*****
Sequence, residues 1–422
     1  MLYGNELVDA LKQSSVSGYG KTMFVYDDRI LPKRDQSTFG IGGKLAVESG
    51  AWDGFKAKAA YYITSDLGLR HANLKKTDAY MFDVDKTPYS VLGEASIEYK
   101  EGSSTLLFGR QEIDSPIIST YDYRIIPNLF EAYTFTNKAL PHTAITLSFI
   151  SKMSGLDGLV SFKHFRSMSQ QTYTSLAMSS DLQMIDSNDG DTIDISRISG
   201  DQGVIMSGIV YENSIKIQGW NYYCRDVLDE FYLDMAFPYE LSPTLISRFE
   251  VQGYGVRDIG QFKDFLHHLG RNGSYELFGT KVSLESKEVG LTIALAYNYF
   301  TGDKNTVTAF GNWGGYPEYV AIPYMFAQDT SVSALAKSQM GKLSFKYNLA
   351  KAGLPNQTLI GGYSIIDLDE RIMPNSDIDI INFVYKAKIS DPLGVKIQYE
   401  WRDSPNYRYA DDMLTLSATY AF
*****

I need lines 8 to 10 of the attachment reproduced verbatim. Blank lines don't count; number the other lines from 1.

   301  TGDKNTVTAF GNWGGYPEYV AIPYMFAQDT SVSALAKSQM GKLSFKYNLA
   351  KAGLPNQTLI GGYSIIDLDE RIMPNSDIDI INFVYKAKIS DPLGVKIQYE
   401  WRDSPNYRYA DDMLTLSATY AF